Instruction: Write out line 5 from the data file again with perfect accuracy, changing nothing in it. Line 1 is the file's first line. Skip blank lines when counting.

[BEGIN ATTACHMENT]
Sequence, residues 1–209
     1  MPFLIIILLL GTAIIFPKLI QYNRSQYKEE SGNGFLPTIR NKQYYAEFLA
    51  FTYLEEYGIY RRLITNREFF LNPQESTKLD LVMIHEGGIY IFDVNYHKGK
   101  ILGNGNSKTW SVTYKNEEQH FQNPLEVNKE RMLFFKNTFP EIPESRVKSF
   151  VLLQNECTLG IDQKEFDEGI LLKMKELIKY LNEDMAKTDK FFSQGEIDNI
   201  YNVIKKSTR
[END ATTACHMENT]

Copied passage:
   151  VLLQNECTLG IDQKEFDEGI LLKMKELIKY LNEDMAKTDK FFSQGEIDNI